Examination of the gallbladder

  • Murphy's sign can be elicited by placing your examining fingers over the gallbladder area and then asking the patient to take a deep breath.
  • If Murphy's sign is positive, there will be sudden accentuation of the pain on inspiration and inspiration will be inhibited.

Examination of the spleen

  • To detect splenomegaly, place the examining hand flat on the abdomen as before, well below the left costal margin. Press inwards and upwards and ask the patient to breathe in again. An enlarged spleen should be felt against the fingertips.
  • If you cannot feel an enlarged spleen, move your hand upwards after each inspiration until your fingertips are under the left costal margin.
  • If an enlarged spleen is still not palpable, ask the patient to lie on their right side, facing towards you, and palpate up into the left hypochondrium as before, asking for deep breaths on the way. Your other hand can be placed behind the ribcage on the patient's left side for support.
  • If this does not work, you can examine the patient from their left side, curling the fingers of your left hand beneath their left costal margin as they breathe deeply.
  • If you can just feel the tip of the spleen, it is significantly enlarged and perhaps twice the size of normal.

Palpation of the kidneys

  • This technique uses two hands.
  • Reach one hand round to the patient's right loin with your other hand over the right upper quadrant. Push your hands together whilst asking the patient to breathe in and out. Try to palpate any enlarged kidney between your two hands (called 'balloting').
  • Repeat for the left kidney. This can either be done by examining the patient from the left side with your right hand under their left loin, or by examining them from the right side with your left hand reaching round under their left loin area.
  • In a very thin person who relaxes well, it may be just possible to feel a kidney, especially on the left, but usually it is abnormal.
  • Examine for enlarged kidneys, renal masses or loin tenderness.

Palpation for pelvic masses

  • To look for masses arising from the pelvis, such as an enlarged bladder or an ovarian cyst, examine the abdomen as before but starting above the umbilicus and working down towards the pubis.

Examination for hernias

  • Examination techniques for the presence of inguinal and femoral hernias are discussed in the separate articles entitled Inguinal Hernias and Femoral Hernias.
  • Percussion of the abdomen can be very useful. It is really to allow you to determine if abdominal distension is because of solid or cystic tumours, ascites or gas.
  • A generally resonant abdomen suggests much flatus whilst solid or liquid under the fingers will be dull.
  • Sometimes it is helpful to use percussion to define the edge of the liver. It can also be used to delineate an enlarged bladder or a tumour arising from the pelvis.

Techniques to demonstrate ascites

Fullness of the flanks may be the first indication of ascites. Techniques to demonstrate ascites include:

  • Percussion for shifting dullness: the patient should be lying on their back. Percuss from the umbilical region moving down towards one side. When the sound becomes dull, mark the spot (or keep your finger there) and ask the patient to move on to the opposite side. Give a short while for the fluid to sink and percuss again. If the marked spot now becomes resonant that is a positive sign. Percuss back down towards the umbilicus until dullness is reached again. Repeat on the other side.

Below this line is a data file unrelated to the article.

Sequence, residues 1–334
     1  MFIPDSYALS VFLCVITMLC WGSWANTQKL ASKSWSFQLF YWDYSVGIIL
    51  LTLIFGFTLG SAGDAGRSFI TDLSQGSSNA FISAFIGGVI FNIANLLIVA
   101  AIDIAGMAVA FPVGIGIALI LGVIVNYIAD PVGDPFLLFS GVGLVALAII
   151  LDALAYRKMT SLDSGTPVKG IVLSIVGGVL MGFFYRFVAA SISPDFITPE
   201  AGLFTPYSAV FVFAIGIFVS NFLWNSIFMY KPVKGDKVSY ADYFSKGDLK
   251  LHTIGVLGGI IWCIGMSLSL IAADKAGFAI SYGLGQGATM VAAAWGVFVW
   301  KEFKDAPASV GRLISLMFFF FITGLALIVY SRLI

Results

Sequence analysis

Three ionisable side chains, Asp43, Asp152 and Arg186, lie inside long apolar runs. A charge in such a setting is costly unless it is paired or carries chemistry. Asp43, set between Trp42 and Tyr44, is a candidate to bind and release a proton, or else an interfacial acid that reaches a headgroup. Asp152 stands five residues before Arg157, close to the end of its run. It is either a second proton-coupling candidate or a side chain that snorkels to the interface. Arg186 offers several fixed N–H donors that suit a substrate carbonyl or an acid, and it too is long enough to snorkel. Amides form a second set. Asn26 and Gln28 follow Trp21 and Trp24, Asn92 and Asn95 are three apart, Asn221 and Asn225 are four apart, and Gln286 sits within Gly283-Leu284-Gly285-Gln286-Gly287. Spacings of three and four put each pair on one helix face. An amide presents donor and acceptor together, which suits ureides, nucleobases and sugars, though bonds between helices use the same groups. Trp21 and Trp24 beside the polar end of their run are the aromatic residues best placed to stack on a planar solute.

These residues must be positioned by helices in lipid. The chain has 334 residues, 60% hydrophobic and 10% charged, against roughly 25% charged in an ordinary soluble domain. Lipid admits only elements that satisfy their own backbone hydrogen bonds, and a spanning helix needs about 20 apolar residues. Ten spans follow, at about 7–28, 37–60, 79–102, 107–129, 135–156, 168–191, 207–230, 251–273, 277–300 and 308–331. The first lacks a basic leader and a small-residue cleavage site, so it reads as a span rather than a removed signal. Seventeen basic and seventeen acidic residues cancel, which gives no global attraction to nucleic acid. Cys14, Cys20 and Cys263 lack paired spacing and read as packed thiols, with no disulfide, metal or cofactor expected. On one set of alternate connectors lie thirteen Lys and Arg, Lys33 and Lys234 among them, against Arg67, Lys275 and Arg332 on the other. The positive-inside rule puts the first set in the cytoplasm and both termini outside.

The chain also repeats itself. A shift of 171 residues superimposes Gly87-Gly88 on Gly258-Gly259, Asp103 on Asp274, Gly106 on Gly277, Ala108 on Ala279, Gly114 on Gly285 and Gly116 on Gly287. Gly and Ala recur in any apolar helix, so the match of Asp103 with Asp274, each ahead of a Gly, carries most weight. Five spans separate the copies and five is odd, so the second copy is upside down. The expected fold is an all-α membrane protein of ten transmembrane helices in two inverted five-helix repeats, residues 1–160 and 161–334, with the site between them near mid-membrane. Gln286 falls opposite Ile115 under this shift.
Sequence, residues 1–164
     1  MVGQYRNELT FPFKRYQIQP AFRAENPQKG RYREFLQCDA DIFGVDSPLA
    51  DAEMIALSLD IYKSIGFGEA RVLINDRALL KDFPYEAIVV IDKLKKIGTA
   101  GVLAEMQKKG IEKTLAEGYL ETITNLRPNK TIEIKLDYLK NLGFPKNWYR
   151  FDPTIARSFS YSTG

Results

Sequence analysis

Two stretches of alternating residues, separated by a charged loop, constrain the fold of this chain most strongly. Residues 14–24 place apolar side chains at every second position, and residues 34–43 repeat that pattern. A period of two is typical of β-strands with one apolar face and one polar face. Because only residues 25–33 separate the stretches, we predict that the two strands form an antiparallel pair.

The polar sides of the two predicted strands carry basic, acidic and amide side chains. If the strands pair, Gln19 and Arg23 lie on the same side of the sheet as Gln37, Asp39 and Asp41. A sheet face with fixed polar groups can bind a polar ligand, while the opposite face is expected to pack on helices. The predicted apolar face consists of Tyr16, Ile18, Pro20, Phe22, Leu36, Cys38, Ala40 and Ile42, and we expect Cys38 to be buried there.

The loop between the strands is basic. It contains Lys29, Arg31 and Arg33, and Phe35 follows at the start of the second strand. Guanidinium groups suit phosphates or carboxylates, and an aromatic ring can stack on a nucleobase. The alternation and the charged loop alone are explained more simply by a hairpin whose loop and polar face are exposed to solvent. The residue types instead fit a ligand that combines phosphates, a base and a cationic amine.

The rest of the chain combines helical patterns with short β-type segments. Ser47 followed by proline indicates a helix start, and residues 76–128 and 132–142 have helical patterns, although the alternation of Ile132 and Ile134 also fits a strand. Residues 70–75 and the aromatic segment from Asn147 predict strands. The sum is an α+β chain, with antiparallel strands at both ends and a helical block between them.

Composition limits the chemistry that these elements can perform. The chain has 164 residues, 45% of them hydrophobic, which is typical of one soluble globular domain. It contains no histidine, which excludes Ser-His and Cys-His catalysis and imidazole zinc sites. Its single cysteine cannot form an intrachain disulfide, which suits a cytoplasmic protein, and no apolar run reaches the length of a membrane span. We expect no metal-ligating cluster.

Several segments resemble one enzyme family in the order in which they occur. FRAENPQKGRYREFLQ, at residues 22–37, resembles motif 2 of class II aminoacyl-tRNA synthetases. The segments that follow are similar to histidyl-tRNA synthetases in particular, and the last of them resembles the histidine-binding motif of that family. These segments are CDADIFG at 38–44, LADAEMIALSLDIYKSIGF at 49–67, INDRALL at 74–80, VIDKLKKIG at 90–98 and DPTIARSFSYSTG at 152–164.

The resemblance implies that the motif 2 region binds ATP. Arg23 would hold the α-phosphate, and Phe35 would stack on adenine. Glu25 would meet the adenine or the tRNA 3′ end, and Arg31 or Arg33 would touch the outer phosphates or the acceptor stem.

• Eliciting a fluid thrill: this is more difficult to demonstrate. With one hand on the patient's flank, flick the skin over the other flank using a finger. If an impulse or 'fluid thrill' is felt, this indicates a positive sign. However, to be certain, you should repeat the examination with the patient's hand along their midline in the sagittal plane to dampen any possible thrill transmitted by the abdominal wall.
  • Bowel sounds can be irregular, so patience is required to decide if they are reduced or normal. On average, you can hear them every 5-10 seconds through a stethoscope.
  • If bowel sounds are absent, this may indicate paralytic ileus or peritonitis.
  • Diarrhoea is associated with increased bowel sounds.
  • Intestinal obstruction produces a classical 'tinkling' bowel sound like water being poured from one cup to another.
  • Listen for arterial bruits over the aorta. They may also arise from stenosis of mesenteric or renal arteries.
  • Examination of the abdomen is incomplete without a rectal examination. However, in primary care it is usual to perform such an examination only if there is a significant expectation of a finding that will influence management. For example, if you have already decided to refer a patient with suspected appendicitis, performing a rectal examination will not influence that decision. It will be performed by at least one admitting doctor, so if the GP does it too, this would be an additional unpleasant intrusion. This is most important in children.
  • Pelvic peritonitis may only be detected by rectal examination in some cases.
  • If a rectal or pelvic examination is about to be performed, it must be preceded by an abdominal examination. A bimanual vaginal examination can easily miss a large uterine or ovarian mass.
  • A separate article discusses Rectal Examination in detail.

Examining children

    can be much more difficult. They often complain of 'tummy pain' and point to the umbilicus.
  • Remember that the differential diagnosis can include tonsillitis, otitis media and meningitis.
  • Children are often difficult to relax and may be both apprehensive and ticklish so that abdominal muscles are tense.
  • Examination may be more useful with the child sitting on their parent's lap rather than on the couch.
  • Too firm palpation will easily overcome guarding. Be gentle to avoid missing this important sign.
  • Try to distract the child during the examination. Some people take the child's hand and use it to palpate the abdomen. Another technique is to ask the child to do a few jumps or hops. This will not be done freely if there is an acute abdomen.

Further reading & references

  1. Clinical examination, Mosby, 2003
  2. Macleod J, Munro JF, Campbell IW; Macleod's Clinical Examination. Churchill Livingstone, 2000

Disclaimer: This article is for information only and should not be used for the diagnosis or treatment of medical conditions. EMIS has used all reasonable care in compiling the information but make no warranty as to its accuracy. Consult a doctor or other health care professional for diagnosis and treatment of medical conditions. For details see our conditions.

Original Author:
Dr Michelle Wright
Current Version:
Last Checked:
20/04/2011
Document ID:
1720 (v22)